JOY DUNBAR, EDITOR, ABSOLUTE UCITS
As the alternative UCITS universe matures, it has increasingly become an embedded feature of the alternative investment landscape. At the same time, institutional and retail investors are facing an evolving set of challenges and are finding themselves caught between a rock and a hard place.
Stagnant economies, European sovereign debt crises and uncertainty over the future of the euro have created a storm cloud that looms over the heads of investors and the asset management industry.
The number of new fund launches has slumped to new lows as asset managers cancel or delay alternative UCITS new strategies. In 2012, only 62 alternative UCITS-compliant strategies were unveiled, raising assets of $1.7 billion. This contrasts sharply with 2010, a peak year during which 129 funds raised $9.5 billion of new alternative UCITS assets.
Governmental and central bank intervention in the key economies has come to characterise the global economic landscape. In the UK, the authorities have pumped enormous volumes of money into the economy with a policy of quantitative easing. In the Eurozone, as well, the European Central Bank has pursued a number of policy measures to do ‘whatever it takes’ to save the euro, including the implementation of long-term refinancing operations and the introduction of the Outright Monetary Transactions (OMT) initiative last year.
These measures have enabled financial markets to avoid a major financial crash and prevented a disastrous systemic banking failure. To some degree, confidence has returned to the economy and, albeit weakly, to end-investors.
Widespread monetary intervention is symptomatic of the challenging macro-economic environment in which the long time period of constructing classical investment portfolios – comprising equities, gilts and cash – is well and truly over.
Investors are hunting for income, yield and alpha while they face the problem of dealing with the consequences of inflation eating into their savings – especially if they choose to do nothing. Moreover, the hunt takes on a greater urgency during a period of low interest rates and the looming threat from the Bank of England’s monetary policy committee, which is considering the adoption of negative interest rates in an attempt to force banks to increase their lending. This policy is already in place in countries such as Switzerland, Sweden and Denmark, which have employed this strategy in the last few years.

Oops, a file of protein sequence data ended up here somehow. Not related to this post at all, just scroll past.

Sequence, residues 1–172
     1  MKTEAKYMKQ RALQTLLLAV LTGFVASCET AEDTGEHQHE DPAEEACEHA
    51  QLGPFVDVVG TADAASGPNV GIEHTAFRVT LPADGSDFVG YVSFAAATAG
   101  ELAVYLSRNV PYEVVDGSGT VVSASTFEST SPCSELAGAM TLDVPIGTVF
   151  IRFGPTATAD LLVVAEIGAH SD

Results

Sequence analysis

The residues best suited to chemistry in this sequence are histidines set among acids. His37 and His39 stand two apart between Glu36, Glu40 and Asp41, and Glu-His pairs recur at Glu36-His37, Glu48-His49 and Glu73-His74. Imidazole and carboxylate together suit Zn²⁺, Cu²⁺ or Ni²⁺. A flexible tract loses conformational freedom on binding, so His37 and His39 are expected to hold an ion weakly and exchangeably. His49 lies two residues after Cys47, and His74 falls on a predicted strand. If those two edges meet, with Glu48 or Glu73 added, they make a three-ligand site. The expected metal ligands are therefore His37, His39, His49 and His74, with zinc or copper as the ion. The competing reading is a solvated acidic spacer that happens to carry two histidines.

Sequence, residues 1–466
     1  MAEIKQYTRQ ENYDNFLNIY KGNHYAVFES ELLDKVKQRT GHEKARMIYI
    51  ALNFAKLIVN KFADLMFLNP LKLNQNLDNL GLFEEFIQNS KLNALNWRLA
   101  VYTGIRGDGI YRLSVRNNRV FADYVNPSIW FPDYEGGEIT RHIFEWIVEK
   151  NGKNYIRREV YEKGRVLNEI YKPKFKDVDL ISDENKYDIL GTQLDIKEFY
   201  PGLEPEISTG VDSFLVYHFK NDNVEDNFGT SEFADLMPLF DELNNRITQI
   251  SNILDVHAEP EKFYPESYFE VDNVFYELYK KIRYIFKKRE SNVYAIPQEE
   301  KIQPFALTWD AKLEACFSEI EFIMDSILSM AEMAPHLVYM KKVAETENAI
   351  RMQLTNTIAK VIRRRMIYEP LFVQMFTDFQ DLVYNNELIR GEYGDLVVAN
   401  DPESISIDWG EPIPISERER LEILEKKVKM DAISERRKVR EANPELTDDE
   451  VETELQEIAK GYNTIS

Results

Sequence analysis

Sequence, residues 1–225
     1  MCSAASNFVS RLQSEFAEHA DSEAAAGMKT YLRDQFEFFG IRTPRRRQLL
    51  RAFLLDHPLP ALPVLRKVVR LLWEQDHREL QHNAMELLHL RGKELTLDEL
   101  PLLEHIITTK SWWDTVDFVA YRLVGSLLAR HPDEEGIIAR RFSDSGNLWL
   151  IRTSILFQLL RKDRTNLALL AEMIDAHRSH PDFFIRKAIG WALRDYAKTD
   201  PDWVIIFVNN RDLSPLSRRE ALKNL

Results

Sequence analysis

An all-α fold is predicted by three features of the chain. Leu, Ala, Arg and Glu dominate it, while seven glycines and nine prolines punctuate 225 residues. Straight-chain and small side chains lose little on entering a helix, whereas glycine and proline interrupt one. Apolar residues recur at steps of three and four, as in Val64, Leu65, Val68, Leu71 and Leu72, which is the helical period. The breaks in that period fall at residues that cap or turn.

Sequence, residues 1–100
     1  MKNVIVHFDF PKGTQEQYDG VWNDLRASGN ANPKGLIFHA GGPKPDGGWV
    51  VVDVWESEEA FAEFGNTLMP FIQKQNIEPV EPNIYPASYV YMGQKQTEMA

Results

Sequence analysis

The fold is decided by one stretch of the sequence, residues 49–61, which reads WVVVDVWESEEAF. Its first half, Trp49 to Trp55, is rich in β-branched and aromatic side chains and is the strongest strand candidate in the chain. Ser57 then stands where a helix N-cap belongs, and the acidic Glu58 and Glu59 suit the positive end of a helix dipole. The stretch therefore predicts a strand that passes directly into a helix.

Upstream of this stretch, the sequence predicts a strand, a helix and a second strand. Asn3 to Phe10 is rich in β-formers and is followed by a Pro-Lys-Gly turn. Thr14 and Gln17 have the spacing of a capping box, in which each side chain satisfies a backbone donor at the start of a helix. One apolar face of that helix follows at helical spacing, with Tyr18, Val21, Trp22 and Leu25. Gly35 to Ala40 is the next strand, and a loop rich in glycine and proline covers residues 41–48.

Since the current investment environment compels investors to take some degree of risk in order to generate returns, diversifying their investments has emerged as a key aspect in their drive to achieve a better total return.
While investors will continue to diversify away from long/short equity strategies that are perceived by some players to be expensive beta plays, there are nevertheless some notable exceptions in the long/short space.
Niche and nimble equity UCITS-compliant hedge funds with limited capacity, such as Majedie Asset Management Tortoise Fund, Prusik Asian Equity Income Fund and CF Odey UK Absolute Return Fund, are continuing to flourish. All these funds have a strong reputation for achieving alpha.
Although investors are showing signs of returning to equity markets, it is not clear whether long/short equity UCITS fund will benefit. But areas like mixed arbitrage and multi-strategy, global tactical asset allocation and other diversified strategies are set to attract greater asset flows.
The increase in the number of multi-asset funds is particularly a response to investor demands for diversifying away from traditional investing; many of these portfolios employ alternative UCITS along with other asset classes. Also, hedge fund managers use alternative UCITS funds as either a cash management or liquidity tool.
Even though equity markets were largely positive last year, the need for investors to achieve downward protection while generating alpha is increasingly at the forefront of their decision making.